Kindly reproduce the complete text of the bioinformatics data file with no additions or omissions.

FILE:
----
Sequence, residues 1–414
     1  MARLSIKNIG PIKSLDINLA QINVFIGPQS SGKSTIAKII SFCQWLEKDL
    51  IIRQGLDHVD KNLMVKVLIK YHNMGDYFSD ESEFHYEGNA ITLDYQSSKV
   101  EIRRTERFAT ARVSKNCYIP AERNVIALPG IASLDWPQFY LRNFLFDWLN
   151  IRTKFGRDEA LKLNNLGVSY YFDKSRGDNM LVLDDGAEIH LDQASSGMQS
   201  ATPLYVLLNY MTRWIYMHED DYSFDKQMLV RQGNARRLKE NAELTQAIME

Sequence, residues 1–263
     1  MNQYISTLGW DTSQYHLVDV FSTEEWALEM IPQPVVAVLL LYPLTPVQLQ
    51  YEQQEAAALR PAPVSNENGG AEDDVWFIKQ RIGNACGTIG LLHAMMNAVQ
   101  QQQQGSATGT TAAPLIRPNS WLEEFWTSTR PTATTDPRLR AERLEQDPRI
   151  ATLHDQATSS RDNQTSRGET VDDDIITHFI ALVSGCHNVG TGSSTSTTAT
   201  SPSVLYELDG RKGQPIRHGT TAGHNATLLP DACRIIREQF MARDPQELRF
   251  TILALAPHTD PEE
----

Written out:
Sequence, residues 1–414
     1  MARLSIKNIG PIKSLDINLA QINVFIGPQS SGKSTIAKII SFCQWLEKDL
    51  IIRQGLDHVD KNLMVKVLIK YHNMGDYFSD ESEFHYEGNA ITLDYQSSKV
   101  EIRRTERFAT ARVSKNCYIP AERNVIALPG IASLDWPQFY LRNFLFDWLN
   151  IRTKFGRDEA LKLNNLGVSY YFDKSRGDNM LVLDDGAEIH LDQASSGMQS
   201  ATPLYVLLNY MTRWIYMHED DYSFDKQMLV RQGNARRLKE NAELTQAIME

Sequence, residues 1–263
     1  MNQYISTLGW DTSQYHLVDV FSTEEWALEM IPQPVVAVLL LYPLTPVQLQ
    51  YEQQEAAALR PAPVSNENGG AEDDVWFIKQ RIGNACGTIG LLHAMMNAVQ
   101  QQQQGSATGT TAAPLIRPNS WLEEFWTSTR PTATTDPRLR AERLEQDPRI
   151  ATLHDQATSS RDNQTSRGET VDDDIITHFI ALVSGCHNVG TGSSTSTTAT
   201  SPSVLYELDG RKGQPIRHGT TAGHNATLLP DACRIIREQF MARDPQELRF
   251  TILALAPHTD PEE